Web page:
You know the expression ‘rolling in the isles?’ Another time, we were in the typo design room larking about a bit before the session started and I said something funny (I can’t remember what it was). Whatever it was it started Ted off again, totally uncontrolled, and he really did collapse to the floor, red faced, eyes closed and face set in a rictus grin, cackling, where he rolled around clutching his sides. Of course the sight of him set us all off, and the room was in uproar as Tom Wesley, the senior lecturer, walked in. A rather pompous red-faced man, not unlike Captain Mainwaring, who didn’t suffer fools, he was not amused, and we had to try and compose ourselves. That was a difficult session, punctuated with suppressed sniggers as first someone then someone else remembered Ted’s discomfiture. Fortunately, Ted himself managed to maintain control.

Sometimes mirth can so take you that it does indeed hurt. And it can be just as awful if you have to suppress it. Another time, Ted, another student, Ivan (his surname was Atanasof, but he was Austrian, not Russian) and I went to a lunchtime concert at Leicester Museum and Art Gallery. Someone was going to perform on a ‘water harmonica’. We were intrigued. So we turned up, in our duffle coats and college scarves, incongruous in a room full of genteel middle class ladies; rashly choosing seats in the front row. Then the musician appeared, to polite applause. Just the sight of him was enough to set to set our lips twitching. He was from somewhere in eastern Europe, and looked it. Like someone from a black-and-white film of the thirties about a bespectacled, wild-haired eccentric musician.  I found myself thinking of Groucho Marks. He completed the image by wearing, at midday, full evening dress. And then he began to play. Knitting his bushy black eyebrows together in a Bohemian frown, he caressed the surface of the water-filled instrument, a bit like a string of long glass cones with tanks of water instead of notes. It was the same principle as running a finger round the rim of a wineglass to produce a noise.

It was an undeniably beautiful sound: incredibly pure and sweet in a liquid sort of way, but because it took so long to produce each note it was difficult to discern a coherent melody. His appearance and his rather bizarre performance were irresistibly funny. Writing this I’ve just reminded myself of the classic Monty Python fish slapping sketch (the one where Cleese and Palin slap each other in the face with fishes while doing a silly, rather camp dance to music on a canal towpath. Eventually Cleese produces a monster fish and smacks Palin in the side of the head, pitching him into the water). Well it was a bit like that. I stole a sideways glance at Ted. His face was reddening and his jaw was clamped ferociously shut. It was just like the scene in The Life of Brian where the Roman soldiers are desperately trying not to snigger at Biggus Dickus’s lisping.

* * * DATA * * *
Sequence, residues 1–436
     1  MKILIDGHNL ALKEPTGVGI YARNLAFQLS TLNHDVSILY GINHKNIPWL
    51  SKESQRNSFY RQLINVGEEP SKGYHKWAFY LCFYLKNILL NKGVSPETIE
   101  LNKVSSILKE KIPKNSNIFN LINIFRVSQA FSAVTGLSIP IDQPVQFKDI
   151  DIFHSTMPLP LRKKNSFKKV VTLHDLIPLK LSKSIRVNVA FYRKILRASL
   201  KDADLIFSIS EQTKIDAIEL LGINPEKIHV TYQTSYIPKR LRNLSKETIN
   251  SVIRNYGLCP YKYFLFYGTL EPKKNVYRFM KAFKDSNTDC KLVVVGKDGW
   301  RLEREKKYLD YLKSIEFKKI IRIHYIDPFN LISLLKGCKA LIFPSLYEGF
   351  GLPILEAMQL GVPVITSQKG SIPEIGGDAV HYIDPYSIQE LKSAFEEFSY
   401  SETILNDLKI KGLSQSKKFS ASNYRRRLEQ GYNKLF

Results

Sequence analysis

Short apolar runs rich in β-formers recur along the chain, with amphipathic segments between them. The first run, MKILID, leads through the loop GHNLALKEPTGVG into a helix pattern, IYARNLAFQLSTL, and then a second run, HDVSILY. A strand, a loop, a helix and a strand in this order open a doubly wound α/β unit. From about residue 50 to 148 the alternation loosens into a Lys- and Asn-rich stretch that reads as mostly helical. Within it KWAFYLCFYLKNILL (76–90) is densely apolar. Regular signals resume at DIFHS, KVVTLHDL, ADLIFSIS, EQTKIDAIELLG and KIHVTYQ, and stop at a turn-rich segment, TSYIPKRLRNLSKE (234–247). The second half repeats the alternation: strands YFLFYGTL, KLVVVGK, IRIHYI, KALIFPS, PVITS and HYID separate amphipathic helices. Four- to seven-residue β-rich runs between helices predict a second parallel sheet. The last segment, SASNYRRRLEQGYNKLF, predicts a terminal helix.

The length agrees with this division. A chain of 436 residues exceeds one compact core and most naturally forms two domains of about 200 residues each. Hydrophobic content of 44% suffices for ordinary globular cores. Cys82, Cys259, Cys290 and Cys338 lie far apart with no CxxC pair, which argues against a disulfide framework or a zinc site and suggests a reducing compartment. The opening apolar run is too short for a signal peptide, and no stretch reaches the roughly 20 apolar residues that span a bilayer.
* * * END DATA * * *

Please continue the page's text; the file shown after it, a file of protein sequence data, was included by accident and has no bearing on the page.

‘No, Ted, please’, I thought, ‘don’t!’

He was managing to control himself, but now the damage was done. I felt a massive surge of mirth welling up. On my other side, Ivan was obviously in trouble too. It was awful, like trying to hold back an orgasm that’s teetering at the point of no return. With a tremendous effort I clenched my teeth, closed my eyes and tried to think of something else. After a while the feeling subsided a bit, but it was always there, like a lurking sneeze refusing to go away. But if a faint strangulated titter came from either side of me, the awful insistent need to explode with laughter was straight back. We had to sit there, each of us desperately clinging to self-control, for the entire performance. We didn’t dare look at each other again. The good ladies behind us must have known from our occasionally shaking shoulders that we weren’t taking the performance seriously, judging by the clucks of disapproval. Eventually the agony came to an end and the performance finished. As if desperate to throw up, we bolted for the door, to fall about outside howling in blessed relief. There were some very stony looks from the leaving ladies as Ted writhed about clutching his sides on the ground.

If you’d like to read the entire autobiography, it’s serialised on this site. Clicking the cover image at the foot of this page takes you to the blog in which it begins. Chapters of it are then appended to following blogs. Or you can read it where it’s currently being serialised on this site:

Click the entries on the home page to read.

Speaking of Liverpool again, my latest novel, Secret Shame, which is not a comedy at all but a heart string-tugger, is set in that proud city. It’s free on Amazon this weekend (and for some of next Monday, according to where on the planet you live, because of the differing time zones).

More about it can be learned on here by clicking the cover image at the side of the page, or here.


About wordsfromjohn

Once a printer, graphic designer, house renovator and landscape gardener, I'm now retired and a writer of books with a passion.
This entry was posted in Autobiography, General fiction and tagged , , , , . Bookmark the permalink.

One Response to You’ve got to laugh

  1. Marilyn says:

    Yes, we do not laugh enough these days.